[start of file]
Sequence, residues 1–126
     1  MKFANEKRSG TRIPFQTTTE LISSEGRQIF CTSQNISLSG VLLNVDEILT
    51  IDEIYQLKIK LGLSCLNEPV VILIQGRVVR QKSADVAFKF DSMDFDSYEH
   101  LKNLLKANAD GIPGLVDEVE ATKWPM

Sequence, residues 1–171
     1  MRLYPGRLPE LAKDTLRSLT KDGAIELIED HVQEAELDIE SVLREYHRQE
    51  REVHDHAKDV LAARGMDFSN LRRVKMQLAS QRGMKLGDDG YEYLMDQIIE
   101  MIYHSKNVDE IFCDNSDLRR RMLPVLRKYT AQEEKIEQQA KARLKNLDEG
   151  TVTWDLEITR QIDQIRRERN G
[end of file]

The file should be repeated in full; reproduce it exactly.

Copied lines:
Sequence, residues 1–126
     1  MKFANEKRSG TRIPFQTTTE LISSEGRQIF CTSQNISLSG VLLNVDEILT
    51  IDEIYQLKIK LGLSCLNEPV VILIQGRVVR QKSADVAFKF DSMDFDSYEH
   101  LKNLLKANAD GIPGLVDEVE ATKWPM

Sequence, residues 1–171
     1  MRLYPGRLPE LAKDTLRSLT KDGAIELIED HVQEAELDIE SVLREYHRQE
    51  REVHDHAKDV LAARGMDFSN LRRVKMQLAS QRGMKLGDDG YEYLMDQIIE
   101  MIYHSKNVDE IFCDNSDLRR RMLPVLRKYT AQEEKIEQQA KARLKNLDEG
   151  TVTWDLEITR QIDQIRRERN G